At least 12 adults on Oahu were diagnosed with hepatitis A infection in the second half of June, six of whom needed hospitalization, the Health Department announced today.
Officials are investigating the cluster of cases. The virus is usually spread through contaminated food or water or close personal contact.
“Hepatitis A infection is a vaccine-preventable disease, and fortunately, most children and adolescents have been vaccinated as part of routine childhood vaccination recommendations,” said Dr. Virginia Pressler, state health director. “However, many adults have not been vaccinated and remain susceptible.”
Hepatitis A is found in the stool. It can cause fever, diarrhea, fatigue and yellow skin and eyes. Symptoms usually last several weeks. People who show symptoms should seek immediate medical attention.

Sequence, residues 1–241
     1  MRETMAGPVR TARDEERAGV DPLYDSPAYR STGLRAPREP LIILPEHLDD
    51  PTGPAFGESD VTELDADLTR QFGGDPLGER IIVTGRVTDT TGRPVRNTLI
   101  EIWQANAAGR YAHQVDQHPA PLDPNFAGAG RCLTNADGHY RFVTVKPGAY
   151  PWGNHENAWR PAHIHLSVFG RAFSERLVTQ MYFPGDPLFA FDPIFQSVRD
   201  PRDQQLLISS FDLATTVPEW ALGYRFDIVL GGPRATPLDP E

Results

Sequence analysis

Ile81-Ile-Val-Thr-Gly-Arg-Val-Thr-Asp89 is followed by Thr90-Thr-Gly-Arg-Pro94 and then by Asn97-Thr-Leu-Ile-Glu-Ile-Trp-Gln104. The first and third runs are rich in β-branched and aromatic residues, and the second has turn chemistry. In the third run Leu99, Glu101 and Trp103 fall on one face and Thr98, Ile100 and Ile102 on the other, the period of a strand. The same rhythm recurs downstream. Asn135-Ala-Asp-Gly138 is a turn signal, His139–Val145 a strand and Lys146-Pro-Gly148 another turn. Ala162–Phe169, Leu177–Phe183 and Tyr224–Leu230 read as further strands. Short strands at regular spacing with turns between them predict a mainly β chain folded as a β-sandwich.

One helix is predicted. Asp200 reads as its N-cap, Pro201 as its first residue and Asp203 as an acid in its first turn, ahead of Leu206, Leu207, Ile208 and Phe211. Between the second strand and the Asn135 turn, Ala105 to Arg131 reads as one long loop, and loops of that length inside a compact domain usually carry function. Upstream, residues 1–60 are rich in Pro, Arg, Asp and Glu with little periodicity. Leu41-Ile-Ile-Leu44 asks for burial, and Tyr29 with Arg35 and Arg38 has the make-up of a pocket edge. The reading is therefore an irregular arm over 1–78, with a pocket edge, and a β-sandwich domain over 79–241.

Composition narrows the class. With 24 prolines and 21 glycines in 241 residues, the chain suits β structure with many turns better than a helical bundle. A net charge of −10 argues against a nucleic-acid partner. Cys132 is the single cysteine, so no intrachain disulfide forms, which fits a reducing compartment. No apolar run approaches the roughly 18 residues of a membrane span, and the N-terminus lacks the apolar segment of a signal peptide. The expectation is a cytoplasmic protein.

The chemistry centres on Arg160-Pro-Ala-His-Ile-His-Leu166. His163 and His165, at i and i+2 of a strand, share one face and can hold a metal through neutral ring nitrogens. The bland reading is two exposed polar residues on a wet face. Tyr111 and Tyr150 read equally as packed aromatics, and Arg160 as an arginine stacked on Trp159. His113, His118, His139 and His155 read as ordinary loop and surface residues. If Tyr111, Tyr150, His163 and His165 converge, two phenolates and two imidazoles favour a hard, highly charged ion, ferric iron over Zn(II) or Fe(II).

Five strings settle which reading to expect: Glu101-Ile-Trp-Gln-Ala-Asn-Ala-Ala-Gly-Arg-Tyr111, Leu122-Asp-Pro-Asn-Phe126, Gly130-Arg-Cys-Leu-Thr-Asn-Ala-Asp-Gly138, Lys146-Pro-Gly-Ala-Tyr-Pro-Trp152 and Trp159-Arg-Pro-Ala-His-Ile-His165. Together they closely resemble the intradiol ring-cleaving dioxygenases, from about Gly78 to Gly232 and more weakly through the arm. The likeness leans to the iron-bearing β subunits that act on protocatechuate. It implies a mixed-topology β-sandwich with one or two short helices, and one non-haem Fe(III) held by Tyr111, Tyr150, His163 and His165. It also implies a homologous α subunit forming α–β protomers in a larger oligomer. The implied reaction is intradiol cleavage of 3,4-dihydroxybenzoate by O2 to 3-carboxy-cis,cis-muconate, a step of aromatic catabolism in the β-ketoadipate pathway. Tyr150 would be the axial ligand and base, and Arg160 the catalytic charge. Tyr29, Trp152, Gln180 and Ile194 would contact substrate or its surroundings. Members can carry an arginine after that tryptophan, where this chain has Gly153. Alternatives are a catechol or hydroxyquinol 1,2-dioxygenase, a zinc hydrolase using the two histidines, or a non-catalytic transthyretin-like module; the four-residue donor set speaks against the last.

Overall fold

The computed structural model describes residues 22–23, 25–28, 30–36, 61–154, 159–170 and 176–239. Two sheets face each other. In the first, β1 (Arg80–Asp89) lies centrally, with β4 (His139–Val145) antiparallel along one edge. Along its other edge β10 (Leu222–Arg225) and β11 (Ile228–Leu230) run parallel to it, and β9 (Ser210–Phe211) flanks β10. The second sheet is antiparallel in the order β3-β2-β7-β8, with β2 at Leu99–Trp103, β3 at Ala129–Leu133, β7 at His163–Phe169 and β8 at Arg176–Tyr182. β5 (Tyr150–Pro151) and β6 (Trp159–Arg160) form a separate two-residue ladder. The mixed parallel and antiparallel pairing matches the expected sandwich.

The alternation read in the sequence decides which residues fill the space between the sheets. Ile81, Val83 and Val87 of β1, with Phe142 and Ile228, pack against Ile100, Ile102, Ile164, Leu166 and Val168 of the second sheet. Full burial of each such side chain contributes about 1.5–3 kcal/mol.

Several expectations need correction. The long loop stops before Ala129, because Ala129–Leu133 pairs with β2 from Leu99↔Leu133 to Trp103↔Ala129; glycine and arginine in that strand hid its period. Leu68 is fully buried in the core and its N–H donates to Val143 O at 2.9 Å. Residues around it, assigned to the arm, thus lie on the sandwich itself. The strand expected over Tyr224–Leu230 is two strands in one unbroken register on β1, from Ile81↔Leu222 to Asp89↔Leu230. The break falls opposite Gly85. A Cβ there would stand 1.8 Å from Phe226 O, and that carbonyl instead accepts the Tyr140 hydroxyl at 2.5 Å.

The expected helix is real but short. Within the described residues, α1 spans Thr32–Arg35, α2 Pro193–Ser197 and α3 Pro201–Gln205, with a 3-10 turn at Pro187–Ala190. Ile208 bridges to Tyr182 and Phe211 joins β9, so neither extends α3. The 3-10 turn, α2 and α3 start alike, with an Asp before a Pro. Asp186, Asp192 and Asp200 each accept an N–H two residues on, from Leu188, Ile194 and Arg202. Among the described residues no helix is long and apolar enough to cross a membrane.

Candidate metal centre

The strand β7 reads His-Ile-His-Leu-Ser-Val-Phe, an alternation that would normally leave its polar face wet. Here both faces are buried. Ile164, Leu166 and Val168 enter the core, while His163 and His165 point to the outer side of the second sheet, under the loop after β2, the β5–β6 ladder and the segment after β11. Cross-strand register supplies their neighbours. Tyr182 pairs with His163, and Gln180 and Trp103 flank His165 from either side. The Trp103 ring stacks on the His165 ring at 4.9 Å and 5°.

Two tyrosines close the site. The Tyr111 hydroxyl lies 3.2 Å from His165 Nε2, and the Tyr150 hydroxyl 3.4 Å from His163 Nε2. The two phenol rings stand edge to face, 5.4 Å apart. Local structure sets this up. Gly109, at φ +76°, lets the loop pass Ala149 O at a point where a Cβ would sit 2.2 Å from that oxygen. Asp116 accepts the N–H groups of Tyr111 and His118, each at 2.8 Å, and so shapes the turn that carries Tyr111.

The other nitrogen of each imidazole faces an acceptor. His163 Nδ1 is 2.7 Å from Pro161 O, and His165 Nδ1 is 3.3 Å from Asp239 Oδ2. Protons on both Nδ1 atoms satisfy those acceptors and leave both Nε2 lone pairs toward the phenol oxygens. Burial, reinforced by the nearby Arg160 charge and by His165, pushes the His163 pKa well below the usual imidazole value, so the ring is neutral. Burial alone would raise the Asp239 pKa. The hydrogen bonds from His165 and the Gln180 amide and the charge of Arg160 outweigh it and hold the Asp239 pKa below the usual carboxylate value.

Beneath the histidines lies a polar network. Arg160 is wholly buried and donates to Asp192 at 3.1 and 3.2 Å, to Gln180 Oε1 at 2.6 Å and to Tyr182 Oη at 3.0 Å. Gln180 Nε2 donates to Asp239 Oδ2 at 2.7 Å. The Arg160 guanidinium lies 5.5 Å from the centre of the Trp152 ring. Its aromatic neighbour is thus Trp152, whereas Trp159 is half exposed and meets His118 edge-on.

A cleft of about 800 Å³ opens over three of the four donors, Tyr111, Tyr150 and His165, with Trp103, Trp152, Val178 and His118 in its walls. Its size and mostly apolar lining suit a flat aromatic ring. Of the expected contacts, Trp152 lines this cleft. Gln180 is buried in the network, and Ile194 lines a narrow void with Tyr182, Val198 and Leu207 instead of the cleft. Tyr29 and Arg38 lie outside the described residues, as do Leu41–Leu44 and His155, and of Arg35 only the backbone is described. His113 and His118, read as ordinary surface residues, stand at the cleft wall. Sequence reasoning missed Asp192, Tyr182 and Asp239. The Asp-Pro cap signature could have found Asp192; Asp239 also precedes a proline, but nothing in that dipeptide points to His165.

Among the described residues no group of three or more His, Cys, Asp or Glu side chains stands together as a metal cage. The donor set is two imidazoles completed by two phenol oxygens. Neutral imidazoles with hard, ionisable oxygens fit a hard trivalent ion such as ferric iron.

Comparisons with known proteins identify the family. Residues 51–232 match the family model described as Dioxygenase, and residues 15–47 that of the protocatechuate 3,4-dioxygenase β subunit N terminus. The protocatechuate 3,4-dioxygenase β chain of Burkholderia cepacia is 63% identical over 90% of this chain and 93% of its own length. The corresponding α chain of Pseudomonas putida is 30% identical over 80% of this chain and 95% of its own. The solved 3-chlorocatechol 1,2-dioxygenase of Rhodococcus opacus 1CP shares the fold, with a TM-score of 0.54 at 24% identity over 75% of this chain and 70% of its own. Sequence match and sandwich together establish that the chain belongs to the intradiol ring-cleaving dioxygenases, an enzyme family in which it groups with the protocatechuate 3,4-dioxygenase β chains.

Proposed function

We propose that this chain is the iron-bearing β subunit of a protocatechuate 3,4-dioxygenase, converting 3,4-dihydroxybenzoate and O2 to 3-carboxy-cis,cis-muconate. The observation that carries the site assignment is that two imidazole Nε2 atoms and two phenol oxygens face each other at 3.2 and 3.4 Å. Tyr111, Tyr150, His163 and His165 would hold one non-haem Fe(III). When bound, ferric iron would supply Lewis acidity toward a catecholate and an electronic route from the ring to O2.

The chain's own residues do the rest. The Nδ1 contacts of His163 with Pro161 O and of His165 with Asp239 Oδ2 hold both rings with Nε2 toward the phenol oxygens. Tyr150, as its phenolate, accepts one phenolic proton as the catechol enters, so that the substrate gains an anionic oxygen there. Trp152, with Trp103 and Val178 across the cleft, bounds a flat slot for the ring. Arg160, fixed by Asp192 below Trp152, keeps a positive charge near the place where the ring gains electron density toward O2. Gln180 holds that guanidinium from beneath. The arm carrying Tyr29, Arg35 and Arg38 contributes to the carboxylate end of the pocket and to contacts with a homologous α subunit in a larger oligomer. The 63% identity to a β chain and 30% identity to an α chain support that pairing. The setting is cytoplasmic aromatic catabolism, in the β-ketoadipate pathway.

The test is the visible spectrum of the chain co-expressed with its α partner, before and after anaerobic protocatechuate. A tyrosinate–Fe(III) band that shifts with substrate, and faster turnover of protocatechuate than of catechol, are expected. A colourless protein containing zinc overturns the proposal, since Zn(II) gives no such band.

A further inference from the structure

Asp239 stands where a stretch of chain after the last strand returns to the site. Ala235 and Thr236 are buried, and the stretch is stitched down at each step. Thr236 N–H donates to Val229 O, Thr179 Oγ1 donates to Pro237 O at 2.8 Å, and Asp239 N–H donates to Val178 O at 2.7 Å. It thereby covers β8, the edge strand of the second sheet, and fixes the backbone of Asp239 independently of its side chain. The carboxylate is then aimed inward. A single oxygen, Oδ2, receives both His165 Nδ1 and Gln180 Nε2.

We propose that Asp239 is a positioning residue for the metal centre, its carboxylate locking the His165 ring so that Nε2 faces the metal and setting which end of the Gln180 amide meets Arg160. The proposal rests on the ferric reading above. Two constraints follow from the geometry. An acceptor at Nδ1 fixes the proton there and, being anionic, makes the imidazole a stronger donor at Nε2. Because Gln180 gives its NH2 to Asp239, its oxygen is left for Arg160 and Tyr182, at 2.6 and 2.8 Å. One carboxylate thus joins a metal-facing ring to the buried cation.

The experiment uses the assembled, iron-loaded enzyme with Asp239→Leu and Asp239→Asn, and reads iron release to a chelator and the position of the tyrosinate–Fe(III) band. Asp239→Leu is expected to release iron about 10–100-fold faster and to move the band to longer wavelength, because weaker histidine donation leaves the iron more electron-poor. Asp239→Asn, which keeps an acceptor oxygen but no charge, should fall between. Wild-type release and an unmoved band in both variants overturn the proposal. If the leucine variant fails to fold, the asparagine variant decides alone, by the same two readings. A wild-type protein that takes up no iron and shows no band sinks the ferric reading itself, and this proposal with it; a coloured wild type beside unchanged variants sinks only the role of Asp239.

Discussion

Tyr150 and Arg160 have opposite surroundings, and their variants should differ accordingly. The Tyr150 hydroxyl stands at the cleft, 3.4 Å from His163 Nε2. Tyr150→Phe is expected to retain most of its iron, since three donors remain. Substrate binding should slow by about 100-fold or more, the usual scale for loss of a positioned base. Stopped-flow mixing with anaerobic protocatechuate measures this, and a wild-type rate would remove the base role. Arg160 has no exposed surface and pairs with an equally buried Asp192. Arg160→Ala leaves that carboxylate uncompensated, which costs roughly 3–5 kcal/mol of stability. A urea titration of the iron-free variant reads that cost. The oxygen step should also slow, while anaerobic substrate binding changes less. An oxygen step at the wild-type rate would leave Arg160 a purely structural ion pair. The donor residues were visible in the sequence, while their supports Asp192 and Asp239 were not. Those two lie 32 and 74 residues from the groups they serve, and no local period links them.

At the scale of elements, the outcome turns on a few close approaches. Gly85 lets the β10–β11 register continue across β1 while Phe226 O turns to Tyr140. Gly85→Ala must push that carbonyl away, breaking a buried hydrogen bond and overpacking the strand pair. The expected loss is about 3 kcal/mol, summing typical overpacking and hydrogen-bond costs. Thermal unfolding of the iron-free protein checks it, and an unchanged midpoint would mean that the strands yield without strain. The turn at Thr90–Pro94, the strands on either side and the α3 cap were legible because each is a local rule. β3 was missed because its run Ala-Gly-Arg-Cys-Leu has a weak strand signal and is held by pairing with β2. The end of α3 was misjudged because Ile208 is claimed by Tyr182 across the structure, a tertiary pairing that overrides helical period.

State Epidemiologist Dr. Sarah Park said health care providers have been asked to notify the department of cases.
“Treatment for hepatitis A infection is supportive only, and while most people will recover without complications, we are encouraging everyone to review their immunization record and talk to their health-care provider about vaccination,” Park said.
Washing hands with soap and warm water after using the bathroom and before preparing food can help prevent spread of the disease. Cooking food to the right temperature is also helpful.
Two doses of hepatitis A are given at least six months apart. Call Aloha United Way’s information line at 2-1-1 to locate a pharmacy offering vaccines or find a list online and more information about the disease at the Department of Health’s website.